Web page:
“[Companies like Nike] tell us with a straight face that online sales really doesn’t do that much volume and it is to increase awareness of the brand, that we shouldn’t be afraid,” Ray Pugsley, co-owner of the Potomac River Running chain in the Washington, D.C., area tells the Wall Street Journal about retailers’ efforts to pursue DTC. “Time will tell whether that is a good story to put us at ease, or whether it could be the truth.”
Since retailers have aggressively pursued DTC, some sportswear chains have folded, including Boston’s City Sports.
To avoid upsetting their retail partners as they expand their DTC channel, companies need a more holistic understanding of their consumers and to use that insight to find the right balance. For instance, companies need to figure out which consumer segments prefer to buy directly from retailers—and why.
Companies could also use their DTC channels to bring insight to their partners. For instance, this channel could be a way to test new products and campaigns in a smaller, safe environment before they are scaled out to retail partners. Customer intelligence can help companies make better decisions about their DTC efforts and provide the necessary insight to help their retail partners sell more.
Direct sales allows them to collect customer data.
For many brands, the most compelling reason to sell directly to consumers is the potential to collect massive amounts of customer data.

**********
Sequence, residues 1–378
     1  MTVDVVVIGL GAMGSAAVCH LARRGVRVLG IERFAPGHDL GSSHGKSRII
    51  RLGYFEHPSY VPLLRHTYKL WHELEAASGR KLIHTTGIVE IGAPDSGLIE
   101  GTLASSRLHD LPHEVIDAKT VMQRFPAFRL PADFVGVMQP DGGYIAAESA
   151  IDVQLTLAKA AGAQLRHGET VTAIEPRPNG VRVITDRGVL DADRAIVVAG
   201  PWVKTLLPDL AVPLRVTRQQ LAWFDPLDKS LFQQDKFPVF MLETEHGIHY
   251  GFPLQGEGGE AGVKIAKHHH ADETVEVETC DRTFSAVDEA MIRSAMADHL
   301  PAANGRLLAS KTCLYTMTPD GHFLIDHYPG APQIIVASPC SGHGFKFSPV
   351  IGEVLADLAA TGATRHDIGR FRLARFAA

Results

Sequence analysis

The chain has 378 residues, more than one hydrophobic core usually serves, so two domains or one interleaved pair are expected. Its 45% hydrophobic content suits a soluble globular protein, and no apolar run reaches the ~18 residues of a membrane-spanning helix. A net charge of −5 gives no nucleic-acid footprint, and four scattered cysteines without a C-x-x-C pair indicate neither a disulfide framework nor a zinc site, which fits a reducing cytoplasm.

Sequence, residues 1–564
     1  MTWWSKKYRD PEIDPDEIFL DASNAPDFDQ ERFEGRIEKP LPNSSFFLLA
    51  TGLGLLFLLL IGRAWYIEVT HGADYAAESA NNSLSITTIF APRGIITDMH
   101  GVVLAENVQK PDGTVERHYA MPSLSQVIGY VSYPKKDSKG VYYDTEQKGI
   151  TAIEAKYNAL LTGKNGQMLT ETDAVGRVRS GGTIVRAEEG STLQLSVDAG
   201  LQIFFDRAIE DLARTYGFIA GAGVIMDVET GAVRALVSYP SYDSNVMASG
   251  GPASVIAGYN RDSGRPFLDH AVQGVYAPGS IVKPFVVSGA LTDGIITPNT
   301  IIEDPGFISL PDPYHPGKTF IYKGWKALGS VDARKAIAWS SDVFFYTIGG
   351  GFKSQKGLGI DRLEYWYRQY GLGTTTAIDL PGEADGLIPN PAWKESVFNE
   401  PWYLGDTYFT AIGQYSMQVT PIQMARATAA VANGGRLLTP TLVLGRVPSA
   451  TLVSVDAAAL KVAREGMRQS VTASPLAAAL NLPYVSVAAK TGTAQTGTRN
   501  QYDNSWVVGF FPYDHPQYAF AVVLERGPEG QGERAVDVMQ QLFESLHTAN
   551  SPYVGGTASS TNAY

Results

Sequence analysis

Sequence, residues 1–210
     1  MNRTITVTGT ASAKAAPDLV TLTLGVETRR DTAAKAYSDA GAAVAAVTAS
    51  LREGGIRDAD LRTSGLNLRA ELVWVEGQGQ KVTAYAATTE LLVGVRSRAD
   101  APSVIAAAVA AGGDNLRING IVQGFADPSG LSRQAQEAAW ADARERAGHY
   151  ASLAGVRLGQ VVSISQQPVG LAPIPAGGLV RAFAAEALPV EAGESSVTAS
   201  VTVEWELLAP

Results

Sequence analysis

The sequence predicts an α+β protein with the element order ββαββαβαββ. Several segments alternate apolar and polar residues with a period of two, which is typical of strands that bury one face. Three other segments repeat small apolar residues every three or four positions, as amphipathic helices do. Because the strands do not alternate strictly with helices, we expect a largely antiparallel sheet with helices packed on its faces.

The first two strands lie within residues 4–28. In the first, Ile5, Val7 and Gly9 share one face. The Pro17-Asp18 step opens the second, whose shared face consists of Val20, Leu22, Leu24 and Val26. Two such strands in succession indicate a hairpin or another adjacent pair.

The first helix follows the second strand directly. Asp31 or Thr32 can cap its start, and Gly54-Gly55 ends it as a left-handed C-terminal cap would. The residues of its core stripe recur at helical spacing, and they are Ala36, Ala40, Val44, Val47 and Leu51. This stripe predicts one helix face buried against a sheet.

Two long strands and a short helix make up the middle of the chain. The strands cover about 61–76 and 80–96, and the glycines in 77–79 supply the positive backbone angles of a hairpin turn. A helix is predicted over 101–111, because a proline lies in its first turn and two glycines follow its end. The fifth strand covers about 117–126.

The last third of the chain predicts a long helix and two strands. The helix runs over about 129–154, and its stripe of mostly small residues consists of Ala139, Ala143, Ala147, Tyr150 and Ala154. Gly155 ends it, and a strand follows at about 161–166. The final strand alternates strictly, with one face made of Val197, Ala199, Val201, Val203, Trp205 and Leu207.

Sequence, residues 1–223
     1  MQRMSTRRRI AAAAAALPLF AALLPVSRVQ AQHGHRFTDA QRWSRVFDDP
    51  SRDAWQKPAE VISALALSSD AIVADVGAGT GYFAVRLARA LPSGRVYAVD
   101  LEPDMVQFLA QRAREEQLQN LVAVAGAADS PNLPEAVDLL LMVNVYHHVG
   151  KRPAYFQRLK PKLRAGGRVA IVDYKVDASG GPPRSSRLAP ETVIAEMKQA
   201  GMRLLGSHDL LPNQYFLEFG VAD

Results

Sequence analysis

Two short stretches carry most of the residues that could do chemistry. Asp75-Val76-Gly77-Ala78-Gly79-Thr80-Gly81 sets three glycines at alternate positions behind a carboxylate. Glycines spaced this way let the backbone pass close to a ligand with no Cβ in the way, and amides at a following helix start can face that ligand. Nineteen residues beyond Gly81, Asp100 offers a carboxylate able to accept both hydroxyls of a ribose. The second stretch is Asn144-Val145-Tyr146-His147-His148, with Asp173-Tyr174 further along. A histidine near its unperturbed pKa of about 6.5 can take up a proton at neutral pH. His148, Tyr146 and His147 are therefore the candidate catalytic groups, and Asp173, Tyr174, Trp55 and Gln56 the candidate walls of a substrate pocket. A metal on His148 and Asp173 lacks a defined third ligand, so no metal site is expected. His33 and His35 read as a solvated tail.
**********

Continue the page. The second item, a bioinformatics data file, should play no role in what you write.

“DTC channels are an opportunity to build up the lifetime value of consumers because brands can garner information about their customers and tailor personalized shopping experiences to them,” says Reuben S. Hendell, CEO of e-commerce technology provider BrandShop. “It’s important for brands to be able to deliver personalized experiences, not only to drive more sales but also because 75 percent of consumers prefer it.”
While selling directly to consumers makes it easier to acquire customer behavior data, companies need to make sense of all that data. Unfortunately, data alone doesn’t provide a complete picture of the customer behavior. To be able to improve the end-to-end customer journey, companies need to integrate the transactional data they get from all their channels.
More importantly, direct and authentic engagement with customers is required so companies can understand the why behind customer behavior. Whether companies invest in DTC or not, they still need to engage with consumers on an ongoing basis to gain the necessary customer intelligence for their business.
Companies like Timberland, REI and Under Armour are finding success expanding their DTC channels. It’s no wonder more brands plan to open their own retail shops and invest in their mobile and e-commerce sites. As more retailers aggressively pursue this strategy, the brands that can deliver the best experience—both to their customers and to their partners— are in a position to win.